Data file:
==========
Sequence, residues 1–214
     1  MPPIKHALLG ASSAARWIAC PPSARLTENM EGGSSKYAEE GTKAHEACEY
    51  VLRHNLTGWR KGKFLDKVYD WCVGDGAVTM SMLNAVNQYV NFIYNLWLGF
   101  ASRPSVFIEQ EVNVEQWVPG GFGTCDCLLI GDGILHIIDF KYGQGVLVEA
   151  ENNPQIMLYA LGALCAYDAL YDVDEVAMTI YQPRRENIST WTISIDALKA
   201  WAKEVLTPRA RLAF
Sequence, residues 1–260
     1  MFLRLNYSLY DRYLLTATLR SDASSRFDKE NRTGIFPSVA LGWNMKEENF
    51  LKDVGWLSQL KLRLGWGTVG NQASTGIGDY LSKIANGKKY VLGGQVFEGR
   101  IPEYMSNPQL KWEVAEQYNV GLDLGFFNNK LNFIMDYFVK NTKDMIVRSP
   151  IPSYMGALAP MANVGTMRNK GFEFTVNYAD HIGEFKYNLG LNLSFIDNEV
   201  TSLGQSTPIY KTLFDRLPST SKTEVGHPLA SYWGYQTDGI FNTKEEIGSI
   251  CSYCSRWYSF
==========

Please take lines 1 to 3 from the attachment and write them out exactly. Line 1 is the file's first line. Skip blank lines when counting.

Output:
Sequence, residues 1–214
     1  MPPIKHALLG ASSAARWIAC PPSARLTENM EGGSSKYAEE GTKAHEACEY
    51  VLRHNLTGWR KGKFLDKVYD WCVGDGAVTM SMLNAVNQYV NFIYNLWLGF